How Children and Young People Grieve 01494 568900

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How Children and Young People Grieve
As concerned adults, we would like to be reassured that children are too young to feel the deep sadness
and despair that grief can bring. Sadly, this is not the case. Children and young people grieve just as
deeply as adults but they show it in different ways. They learn how to grieve by mirroring the responses of
the adults around them, and rely on adults to provide them with what they need to support them in their
After the death of her sibling, Meg’s father kept himself very busy at work and when he came home
started a frenzy of redecorating the house. Meg emulated her father’s response by going out a lot.
Children have a limited ability to put feelings, thoughts and memories into words and tend to “act out” with
behaviours rather than express themselves verbally. They will gradually acquire the language of feelings
by listening to words that you use. Showing your grief will encourage them to express theirs. Their
behaviour is your guide as to how they are and this is as true for a very young child as it is for a teenager.
Children are naturally good at dipping in and out of their grief. They can be intensely sad one minute, then
suddenly switch to playing happily the next. This apparent lack of sadness may lead adults to believe
children are unaffected, but this “puddle jumping” is a type of in-built safety mechanism that prevents them
being overwhelmed by powerful feelings.
As children get older, this instinctive “puddle jumping” becomes harder and teenagers may spend long
periods of time in one behaviour or another.
One mother said
“My ten year old doesn’t seem to care, she cried on the day because we were crying but she hasn’t cried
For a young person, getting on with life might mean a hectic social schedule as their way of shutting out
the pain. Or they may withdraw into themselves, rejecting offers of help and being generally very hard to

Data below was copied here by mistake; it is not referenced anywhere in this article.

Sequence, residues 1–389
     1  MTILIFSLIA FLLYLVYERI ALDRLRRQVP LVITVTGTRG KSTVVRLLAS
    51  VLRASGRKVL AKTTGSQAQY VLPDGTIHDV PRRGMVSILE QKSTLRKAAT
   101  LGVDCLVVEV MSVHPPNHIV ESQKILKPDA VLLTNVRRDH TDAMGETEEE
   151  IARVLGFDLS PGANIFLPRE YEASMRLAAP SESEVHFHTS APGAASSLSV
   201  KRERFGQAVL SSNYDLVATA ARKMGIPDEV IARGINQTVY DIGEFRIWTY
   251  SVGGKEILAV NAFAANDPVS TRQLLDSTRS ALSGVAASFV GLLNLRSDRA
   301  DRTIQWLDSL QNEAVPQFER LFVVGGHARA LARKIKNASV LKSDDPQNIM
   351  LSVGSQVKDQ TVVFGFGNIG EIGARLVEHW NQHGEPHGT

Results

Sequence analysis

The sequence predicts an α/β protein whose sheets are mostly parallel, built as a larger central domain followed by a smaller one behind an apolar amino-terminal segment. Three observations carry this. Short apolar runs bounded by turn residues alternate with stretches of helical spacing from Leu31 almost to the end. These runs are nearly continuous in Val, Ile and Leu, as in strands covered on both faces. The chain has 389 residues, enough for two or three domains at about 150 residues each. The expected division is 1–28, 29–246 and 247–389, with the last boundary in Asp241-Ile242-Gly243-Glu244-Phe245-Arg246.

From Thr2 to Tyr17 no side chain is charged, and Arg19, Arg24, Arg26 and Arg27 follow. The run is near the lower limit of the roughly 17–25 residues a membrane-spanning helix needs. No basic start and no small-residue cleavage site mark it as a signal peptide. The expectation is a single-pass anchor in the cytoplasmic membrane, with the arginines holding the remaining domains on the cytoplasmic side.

communicate with. If this is the case, try to stick with it and continue to let a teenager know that you are
still there for them, but without putting them under pressure to talk.
The difference between adult and child grief is sometimes illustrated by the following: a child jumps in and
out of puddles of grief, but an adult is deep in a river, being swept along with the current, finding it very
difficult to get out.
Common responses, feelings and behaviours
It is normal for children and young people to react strongly to the death of someone close even if the
resulting feelings and behaviours look and feel far from normal. Adolescents and teenagers find it hard to
reveal intense and difficult feelings with family members when life for them is already full of challenge and
uncertainty. Remember that a child’s attention span corresponds to the amount of information they can
handle at any one time. When they reach their limit, they may substitute feelings that they can handle for
those they cannot. For example, a child may laugh inappropriately to avoid talking about fear or sadness.
© Written by Jill Adams for Child Bereavement UK Reviewed July 2011
Registered in England and Wales: 1040419 and Scotland: SCO42910
This may appear uncaring but is actually a safety mechanism to prevent emotional overload. How a child
or young person responds to someone dying will be influenced by their age and understanding, the
relationship they had with the person who died, and how that person died.
Age and Understanding
All children are different and a mature 4 year old may have a better grasp of the situation, and of the full
meaning of what being dead means, than a child who is older.
An older child generally understands more. The increasing realisation of the full implications of someone
dying can be too much to bear, resulting in self-protecting denial and appearing OK. See our information
sheet Children’s Understanding of Death at Different Ages for more information.
Babies and Toddlers
At this age there will be little understanding of what death and dying means but there will be a